Tennessee Schools Fight for Right to Celebrate Christmas

The American Civil Liberties Union, or ACLU, is threatening Tennessee school districts with legal action if students and teachers recognize Christmas. The Alliance Defense Fund (ADF) is stepping in to offer free legal assistance to protect the constitutional rights of the schools.

The drama started when the ACLU sent letters to public school superintendents in Tennessee warning them that the schools will violate the Constitution if they recognize Christmas without recognizing every other winter holiday.

"It's ridiculous that people have to think twice about whether it's OK to publicly celebrate Christmas. An overwhelming majority of Americans celebrate Christmas and are opposed to any kind of censorship of it," says ADF Senior Counsel David Cortman. "Urban legends about the offensiveness of Christmas are clearly out of sync with the American people, common sense and the Constitution. The ACLU's conclusions are without merit and are part of a tired, worn-out, and disproven campaign of fear, intimidation and disinformation."

The ACLU's letter states that school districts risk violating the U.S. Constitution if they focus primarily on one religious holiday  without teaching about a variety of other winter holidays as well, including Hanukkah, Bodhi Day, Kwanza, Eid al Adha, Winter Solstice and New Year's Day. The letter, which goes on to recommend using only secular holiday symbols, errantly argues that the celebration of Christmas within the public schools produces "divisive conflicts  and constitutes "indoctrination," "coercion" "censorship."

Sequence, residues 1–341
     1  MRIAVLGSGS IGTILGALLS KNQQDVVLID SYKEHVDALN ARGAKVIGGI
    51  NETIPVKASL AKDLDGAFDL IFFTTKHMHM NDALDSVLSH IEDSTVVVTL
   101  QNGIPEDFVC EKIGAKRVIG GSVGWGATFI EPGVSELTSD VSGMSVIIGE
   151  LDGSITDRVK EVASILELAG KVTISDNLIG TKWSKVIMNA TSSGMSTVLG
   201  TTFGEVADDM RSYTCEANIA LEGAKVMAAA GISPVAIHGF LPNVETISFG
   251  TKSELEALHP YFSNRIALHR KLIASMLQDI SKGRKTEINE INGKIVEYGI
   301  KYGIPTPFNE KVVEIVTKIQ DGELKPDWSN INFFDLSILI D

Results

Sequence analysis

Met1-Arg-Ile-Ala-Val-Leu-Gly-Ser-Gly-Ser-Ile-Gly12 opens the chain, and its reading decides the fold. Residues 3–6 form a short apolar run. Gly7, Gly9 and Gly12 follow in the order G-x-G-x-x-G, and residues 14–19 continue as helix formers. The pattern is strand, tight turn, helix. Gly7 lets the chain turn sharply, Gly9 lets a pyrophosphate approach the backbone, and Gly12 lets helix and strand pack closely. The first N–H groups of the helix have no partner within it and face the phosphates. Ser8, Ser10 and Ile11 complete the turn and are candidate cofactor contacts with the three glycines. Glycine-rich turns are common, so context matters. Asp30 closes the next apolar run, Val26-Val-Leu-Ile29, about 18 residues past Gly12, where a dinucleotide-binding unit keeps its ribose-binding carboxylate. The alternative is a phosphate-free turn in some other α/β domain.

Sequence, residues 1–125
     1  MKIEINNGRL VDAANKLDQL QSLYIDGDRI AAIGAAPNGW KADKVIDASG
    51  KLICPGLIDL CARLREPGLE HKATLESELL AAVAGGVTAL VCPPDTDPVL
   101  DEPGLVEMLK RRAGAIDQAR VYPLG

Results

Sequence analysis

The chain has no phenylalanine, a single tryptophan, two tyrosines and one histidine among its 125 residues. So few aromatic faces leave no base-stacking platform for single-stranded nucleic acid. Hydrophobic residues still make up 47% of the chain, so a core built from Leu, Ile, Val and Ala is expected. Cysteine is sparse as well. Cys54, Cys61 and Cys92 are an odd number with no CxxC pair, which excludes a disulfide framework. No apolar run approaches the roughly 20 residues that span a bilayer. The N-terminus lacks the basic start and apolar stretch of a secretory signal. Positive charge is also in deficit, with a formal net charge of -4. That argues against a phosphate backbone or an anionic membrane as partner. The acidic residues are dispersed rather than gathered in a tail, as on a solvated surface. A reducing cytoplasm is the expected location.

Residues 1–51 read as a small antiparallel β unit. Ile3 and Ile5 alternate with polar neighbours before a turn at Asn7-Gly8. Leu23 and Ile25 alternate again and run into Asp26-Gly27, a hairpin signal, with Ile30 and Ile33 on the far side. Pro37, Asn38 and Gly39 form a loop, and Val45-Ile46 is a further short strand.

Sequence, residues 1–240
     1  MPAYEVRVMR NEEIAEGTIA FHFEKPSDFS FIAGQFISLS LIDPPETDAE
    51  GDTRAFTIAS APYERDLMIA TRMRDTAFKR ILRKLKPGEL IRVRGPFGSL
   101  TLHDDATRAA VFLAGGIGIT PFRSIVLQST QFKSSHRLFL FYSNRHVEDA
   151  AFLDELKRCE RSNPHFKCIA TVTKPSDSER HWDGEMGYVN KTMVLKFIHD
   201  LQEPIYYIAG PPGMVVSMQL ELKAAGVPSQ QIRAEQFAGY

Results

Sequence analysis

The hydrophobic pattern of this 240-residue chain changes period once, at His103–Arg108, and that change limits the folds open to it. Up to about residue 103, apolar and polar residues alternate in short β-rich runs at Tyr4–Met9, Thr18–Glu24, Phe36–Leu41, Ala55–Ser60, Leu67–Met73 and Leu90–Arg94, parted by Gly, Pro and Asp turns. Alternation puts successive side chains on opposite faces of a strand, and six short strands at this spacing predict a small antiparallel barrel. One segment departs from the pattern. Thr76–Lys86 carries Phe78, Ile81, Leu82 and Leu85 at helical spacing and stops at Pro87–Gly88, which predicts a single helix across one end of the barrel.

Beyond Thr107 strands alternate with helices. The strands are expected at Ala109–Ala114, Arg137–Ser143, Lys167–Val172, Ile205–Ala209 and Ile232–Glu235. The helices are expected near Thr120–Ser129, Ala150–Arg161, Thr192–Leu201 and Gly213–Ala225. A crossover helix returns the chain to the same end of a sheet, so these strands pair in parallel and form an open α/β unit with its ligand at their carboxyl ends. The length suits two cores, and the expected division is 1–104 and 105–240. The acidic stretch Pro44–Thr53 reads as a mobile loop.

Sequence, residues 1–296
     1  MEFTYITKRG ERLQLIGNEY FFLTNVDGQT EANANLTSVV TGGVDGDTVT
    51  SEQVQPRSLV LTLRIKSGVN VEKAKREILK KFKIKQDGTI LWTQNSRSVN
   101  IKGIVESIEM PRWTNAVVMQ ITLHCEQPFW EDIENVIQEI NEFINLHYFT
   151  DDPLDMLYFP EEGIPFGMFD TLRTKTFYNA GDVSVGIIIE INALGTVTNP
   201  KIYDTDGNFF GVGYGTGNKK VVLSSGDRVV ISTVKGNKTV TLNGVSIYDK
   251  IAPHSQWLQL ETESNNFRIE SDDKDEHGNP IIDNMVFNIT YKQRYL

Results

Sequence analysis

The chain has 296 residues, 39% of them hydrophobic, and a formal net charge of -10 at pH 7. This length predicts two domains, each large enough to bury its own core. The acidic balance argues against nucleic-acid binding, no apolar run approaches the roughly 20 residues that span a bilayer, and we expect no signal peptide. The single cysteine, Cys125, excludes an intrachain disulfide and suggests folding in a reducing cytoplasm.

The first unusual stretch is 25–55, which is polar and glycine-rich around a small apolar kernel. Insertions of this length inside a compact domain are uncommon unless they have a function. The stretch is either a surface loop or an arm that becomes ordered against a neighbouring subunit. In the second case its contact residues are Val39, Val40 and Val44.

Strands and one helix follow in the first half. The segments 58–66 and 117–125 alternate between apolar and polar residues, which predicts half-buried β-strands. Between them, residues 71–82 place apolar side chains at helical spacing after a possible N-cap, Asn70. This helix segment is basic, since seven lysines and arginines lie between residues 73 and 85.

In recent years, certain groups, such as the ACLU, have spread misconceptions about the legalities of celebrating Christmas in public school, the ADF letter states in response. As a result, many school officials have removed nearly all religious references to Christmas and replaced them with secular symbols. While many do so unknowingly, school officials have begun a new "tradition of violating the constitutional rights of students and teachers to seasonal religious expression in our public school system."

"And our Constitution acknowledges that people of faith have a right to openly express their beliefs in the public square," the letter continues. "But many school officials attempt to prohibit students and teachers from expressing any religious aspect of Christmas. No court has ever ruled that the Constitution demands school officials to censor Christmas carols, eliminate all references to Christmas, or silence those who celebrate Christmas."

Tennessee attorney Zale Dowlen, one of nearly 1,900 attorneys in the ADF alliance, signed the letter together with Cortman and ADF Senior Counsel Nate Kellum, based in Memphis.

A 2008 Gallup poll found that 93 percent of Americans celebrate Christmas. A 2009 Rasmussen poll found that 83 percent of American adults believe public schools should celebrate religious holidays.

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